The 10th annual Indian Music and Dance Competition, the only event of its kind on the East Coast, will run next weekend in the Fine Arts Recital Hall of the University of Maryland Baltimore County.Sponsored by UMBC's Ethnomusicology program and Catonsville's Academy of Indian Music and Fine Arts, the event promotes appreciation of the artistic traditions of India, Pakistan and Bangladesh.More than 100 performers of all ages will compete in the categories of classical, folk and movie songs; classical and folk dance; violin; sitar; tabla (Indian drums)
ENTERTAINMENT
By Stephanie Shapiro and Stephanie Shapiro,Staff Writer | November 20, 1992
Though infatuated by the music of other lands, Tim Gregory treads humbly on new cultural ground. Last year, after three months of study, he entered the sitar competition at the annual Indian music and dance competition at the University of Maryland Baltimore County.Backstage, as Mr. Gregory practiced a jhala -- a complex playing technique found in the Indian melodic form called a raga -- a young Indian boy peered from around the corner. With his tabla, a small Indian hand drum, the boy joined in. Playing faster and faster, they kept a furious pace until the raga's end. Then, the boy "looked up at me and said, 'Man, that was great!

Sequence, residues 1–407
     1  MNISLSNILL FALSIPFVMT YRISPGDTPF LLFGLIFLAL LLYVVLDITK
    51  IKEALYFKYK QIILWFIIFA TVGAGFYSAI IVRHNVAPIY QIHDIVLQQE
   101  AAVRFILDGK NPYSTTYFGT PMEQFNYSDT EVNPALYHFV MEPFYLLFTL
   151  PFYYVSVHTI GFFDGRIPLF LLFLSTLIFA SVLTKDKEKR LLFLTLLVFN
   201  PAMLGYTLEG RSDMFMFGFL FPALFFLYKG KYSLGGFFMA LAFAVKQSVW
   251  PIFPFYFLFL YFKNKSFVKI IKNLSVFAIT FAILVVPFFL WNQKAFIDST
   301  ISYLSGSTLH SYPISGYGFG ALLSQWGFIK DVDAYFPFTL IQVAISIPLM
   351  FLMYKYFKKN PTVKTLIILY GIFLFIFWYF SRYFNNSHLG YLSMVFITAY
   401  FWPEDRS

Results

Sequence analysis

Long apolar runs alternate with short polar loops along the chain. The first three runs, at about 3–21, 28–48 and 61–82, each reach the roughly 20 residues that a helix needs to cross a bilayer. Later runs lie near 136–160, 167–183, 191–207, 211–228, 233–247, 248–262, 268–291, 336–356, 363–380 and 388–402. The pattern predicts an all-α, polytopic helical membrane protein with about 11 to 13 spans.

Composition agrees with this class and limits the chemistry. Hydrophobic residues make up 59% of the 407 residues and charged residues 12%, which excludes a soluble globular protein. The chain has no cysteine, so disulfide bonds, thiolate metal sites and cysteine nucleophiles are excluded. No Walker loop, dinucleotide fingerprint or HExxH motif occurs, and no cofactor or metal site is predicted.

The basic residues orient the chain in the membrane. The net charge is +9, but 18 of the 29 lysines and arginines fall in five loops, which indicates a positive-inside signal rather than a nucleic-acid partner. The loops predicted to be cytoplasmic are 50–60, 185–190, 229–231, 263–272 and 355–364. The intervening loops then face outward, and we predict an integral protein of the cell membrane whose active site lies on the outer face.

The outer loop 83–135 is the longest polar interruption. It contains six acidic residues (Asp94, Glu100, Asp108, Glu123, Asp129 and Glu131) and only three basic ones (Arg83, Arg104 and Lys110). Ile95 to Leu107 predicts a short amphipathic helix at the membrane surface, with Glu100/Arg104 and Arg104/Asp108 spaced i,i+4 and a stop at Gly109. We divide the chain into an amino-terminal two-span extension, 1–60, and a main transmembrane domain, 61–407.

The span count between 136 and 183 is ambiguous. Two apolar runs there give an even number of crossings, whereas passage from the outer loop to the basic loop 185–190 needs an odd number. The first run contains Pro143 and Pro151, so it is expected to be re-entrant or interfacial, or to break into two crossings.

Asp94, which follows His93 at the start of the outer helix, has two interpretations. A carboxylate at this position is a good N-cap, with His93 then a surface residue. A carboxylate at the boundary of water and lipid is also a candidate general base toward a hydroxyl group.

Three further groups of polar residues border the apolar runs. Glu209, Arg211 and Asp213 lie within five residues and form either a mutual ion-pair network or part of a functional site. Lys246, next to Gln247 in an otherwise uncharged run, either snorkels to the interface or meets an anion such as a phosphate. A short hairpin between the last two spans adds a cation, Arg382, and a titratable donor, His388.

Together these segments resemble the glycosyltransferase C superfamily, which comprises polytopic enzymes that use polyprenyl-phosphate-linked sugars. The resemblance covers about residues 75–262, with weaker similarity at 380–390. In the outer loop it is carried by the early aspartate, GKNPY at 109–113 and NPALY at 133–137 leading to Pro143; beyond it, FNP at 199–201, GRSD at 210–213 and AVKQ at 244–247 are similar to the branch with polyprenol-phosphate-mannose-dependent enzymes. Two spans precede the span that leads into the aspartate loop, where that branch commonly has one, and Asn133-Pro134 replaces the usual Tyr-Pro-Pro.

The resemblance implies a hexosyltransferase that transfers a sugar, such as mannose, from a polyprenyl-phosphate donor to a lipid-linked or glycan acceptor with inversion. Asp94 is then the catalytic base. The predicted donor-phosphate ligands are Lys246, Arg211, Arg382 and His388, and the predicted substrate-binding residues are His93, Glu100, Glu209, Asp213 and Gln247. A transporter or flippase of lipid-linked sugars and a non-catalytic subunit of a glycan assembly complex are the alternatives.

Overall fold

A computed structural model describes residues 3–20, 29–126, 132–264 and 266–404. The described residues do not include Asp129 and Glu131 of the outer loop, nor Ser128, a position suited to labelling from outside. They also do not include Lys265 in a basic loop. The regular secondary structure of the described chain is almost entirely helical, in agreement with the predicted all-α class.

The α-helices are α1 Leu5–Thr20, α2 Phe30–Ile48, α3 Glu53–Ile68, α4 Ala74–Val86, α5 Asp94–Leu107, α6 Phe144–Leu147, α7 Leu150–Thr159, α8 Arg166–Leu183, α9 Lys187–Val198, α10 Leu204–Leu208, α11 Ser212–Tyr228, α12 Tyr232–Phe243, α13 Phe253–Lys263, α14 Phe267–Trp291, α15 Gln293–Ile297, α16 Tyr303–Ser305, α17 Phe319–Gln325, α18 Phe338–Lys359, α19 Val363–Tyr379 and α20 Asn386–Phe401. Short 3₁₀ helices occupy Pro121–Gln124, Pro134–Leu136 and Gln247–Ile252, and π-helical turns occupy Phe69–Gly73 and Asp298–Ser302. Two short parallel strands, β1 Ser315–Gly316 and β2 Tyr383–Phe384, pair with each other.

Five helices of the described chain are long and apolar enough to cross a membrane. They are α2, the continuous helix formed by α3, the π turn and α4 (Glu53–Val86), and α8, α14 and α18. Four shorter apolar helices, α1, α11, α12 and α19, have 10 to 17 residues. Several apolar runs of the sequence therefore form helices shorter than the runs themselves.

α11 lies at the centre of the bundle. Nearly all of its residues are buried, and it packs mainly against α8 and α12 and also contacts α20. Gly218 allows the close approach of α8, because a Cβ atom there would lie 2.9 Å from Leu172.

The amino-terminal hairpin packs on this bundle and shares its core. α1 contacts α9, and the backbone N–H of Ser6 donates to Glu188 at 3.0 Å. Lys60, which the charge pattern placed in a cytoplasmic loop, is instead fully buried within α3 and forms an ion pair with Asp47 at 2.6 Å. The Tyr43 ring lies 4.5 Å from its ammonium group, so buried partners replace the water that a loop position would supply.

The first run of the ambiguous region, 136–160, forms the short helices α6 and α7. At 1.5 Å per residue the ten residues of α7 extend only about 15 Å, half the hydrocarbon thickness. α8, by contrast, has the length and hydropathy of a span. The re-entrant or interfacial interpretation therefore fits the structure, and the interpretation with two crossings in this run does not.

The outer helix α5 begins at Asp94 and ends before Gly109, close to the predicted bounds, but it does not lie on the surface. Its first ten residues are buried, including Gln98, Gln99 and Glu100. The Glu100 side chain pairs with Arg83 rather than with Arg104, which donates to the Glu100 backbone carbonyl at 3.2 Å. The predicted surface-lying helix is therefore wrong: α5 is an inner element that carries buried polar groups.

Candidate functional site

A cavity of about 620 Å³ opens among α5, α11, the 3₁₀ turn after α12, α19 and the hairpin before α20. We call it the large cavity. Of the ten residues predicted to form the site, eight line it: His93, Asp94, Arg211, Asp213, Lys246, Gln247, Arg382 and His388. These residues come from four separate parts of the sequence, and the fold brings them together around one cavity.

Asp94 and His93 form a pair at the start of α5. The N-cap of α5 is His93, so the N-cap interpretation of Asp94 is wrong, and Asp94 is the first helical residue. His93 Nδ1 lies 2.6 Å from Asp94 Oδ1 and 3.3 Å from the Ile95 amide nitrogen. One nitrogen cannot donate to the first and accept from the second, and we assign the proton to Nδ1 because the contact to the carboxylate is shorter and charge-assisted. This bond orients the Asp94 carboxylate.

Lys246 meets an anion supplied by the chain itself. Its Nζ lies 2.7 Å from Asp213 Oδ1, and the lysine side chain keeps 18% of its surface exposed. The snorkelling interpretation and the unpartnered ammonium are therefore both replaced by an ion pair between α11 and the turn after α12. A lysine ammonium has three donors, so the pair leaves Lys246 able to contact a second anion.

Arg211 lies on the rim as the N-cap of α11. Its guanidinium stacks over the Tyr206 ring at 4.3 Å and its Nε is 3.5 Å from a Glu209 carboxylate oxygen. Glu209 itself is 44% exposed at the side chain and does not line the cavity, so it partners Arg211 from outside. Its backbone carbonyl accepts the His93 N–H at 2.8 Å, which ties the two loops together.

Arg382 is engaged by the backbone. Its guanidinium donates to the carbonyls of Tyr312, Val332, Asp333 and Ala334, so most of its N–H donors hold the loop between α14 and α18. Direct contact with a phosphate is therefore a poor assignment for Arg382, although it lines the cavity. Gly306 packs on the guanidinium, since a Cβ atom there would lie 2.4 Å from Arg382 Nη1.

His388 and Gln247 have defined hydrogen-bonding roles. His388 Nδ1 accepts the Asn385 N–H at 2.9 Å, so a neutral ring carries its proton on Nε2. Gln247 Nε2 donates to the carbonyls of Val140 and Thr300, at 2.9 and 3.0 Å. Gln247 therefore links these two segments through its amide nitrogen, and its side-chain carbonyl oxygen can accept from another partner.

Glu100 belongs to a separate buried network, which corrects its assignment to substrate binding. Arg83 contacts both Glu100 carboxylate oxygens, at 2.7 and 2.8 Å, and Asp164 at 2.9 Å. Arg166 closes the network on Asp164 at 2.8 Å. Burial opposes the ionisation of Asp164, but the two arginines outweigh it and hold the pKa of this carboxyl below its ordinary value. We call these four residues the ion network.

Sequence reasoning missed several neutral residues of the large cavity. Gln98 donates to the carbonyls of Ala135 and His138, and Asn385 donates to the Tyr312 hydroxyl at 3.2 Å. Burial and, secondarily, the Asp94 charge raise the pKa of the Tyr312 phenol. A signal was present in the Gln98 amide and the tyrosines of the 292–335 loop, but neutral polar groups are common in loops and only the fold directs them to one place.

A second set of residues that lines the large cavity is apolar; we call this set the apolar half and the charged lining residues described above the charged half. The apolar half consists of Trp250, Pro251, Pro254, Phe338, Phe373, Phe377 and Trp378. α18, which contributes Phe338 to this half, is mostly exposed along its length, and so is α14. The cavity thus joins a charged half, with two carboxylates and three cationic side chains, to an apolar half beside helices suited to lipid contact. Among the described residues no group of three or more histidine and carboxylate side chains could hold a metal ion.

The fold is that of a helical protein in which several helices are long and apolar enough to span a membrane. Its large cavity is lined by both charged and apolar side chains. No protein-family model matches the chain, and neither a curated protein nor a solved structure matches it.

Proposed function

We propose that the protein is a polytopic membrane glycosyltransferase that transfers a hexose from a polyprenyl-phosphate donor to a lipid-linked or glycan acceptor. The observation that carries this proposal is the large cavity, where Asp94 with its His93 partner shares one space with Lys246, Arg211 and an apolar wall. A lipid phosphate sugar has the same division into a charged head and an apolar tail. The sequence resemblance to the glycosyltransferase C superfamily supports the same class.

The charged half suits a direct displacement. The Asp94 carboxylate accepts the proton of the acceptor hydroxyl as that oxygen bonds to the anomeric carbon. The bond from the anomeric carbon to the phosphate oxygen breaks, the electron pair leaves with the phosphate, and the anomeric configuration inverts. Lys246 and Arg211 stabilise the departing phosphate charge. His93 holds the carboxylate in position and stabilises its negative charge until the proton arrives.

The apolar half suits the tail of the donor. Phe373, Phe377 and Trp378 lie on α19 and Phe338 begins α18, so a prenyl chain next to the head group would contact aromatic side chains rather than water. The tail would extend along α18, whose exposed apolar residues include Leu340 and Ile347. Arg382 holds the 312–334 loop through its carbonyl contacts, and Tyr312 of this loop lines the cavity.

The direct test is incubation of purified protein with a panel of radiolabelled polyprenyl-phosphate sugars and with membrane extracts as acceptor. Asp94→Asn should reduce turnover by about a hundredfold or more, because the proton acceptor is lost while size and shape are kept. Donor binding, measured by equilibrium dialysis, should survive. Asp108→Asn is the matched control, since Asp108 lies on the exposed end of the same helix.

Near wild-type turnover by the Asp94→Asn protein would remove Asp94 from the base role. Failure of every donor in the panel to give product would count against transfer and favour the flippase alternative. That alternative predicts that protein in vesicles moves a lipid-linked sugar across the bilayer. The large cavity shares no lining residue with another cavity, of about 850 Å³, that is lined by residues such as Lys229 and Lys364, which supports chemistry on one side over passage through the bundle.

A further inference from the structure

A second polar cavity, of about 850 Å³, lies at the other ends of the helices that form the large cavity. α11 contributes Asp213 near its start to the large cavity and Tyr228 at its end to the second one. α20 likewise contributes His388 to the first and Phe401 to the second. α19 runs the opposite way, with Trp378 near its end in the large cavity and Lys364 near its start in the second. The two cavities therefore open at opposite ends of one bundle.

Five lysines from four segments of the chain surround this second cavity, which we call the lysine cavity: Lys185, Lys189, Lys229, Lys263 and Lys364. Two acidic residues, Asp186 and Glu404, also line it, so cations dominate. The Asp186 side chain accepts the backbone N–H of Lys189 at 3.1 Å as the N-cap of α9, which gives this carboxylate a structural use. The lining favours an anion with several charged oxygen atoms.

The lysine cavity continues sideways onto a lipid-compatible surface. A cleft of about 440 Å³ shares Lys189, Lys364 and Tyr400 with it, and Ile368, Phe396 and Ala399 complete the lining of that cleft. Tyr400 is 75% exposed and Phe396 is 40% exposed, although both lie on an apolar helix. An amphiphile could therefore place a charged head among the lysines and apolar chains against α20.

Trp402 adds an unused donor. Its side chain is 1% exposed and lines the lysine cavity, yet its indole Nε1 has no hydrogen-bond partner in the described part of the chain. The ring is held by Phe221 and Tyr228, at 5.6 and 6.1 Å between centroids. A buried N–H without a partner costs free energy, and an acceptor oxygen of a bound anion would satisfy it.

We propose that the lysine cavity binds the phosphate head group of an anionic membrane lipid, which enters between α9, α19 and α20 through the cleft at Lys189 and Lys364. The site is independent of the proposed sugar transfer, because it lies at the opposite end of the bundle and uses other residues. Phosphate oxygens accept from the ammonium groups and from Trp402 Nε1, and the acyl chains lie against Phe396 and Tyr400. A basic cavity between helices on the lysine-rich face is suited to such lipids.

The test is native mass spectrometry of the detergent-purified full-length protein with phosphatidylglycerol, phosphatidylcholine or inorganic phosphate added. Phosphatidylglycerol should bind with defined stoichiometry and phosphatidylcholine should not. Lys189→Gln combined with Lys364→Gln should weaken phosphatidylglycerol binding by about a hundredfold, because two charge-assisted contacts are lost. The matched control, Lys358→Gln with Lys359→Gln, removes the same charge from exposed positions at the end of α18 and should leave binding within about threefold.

NEWS
By SANDY ALEXANDER and SANDY ALEXANDER,SUN REPORTER | March 3, 2006
The Columbia Orchestra's guest soloists tomorrow night will have young faces but many years of musical experience. Thirteen-year-old Patricia Wnek of Germantown and 17-year-old Jennifer Leung of Ellicott City started playing instruments when they were 4. They are the 2006 junior and senior division winners of the orchestra's annual Young Artist Competition, having been chosen by a panel of three judges from about 35 instrumentalists who live, attend school...
ENTERTAINMENT
By J. Wynn Rousuck and J. Wynn Rousuck,Sun Theater Critic | June 8, 2003
NEW YORK -- The Broadway musical didn't just sing and dance this season. It sang opera -- in Italian with a mega-sized cast. It danced both ballet and modern -- without a single actor speaking a word. And it told children's stories -- with a cast of five playing a forest full of woodland creatures. In short, this was a season when the Broadway musical wore a myriad of faces. Examples of these varied visages will be showcased in tonight's Tony Awards ceremony, when the competitors for best new musical will include: * Movin' Out: A dance piece choreographed by Twyla Tharp to the songs of Billy Joel.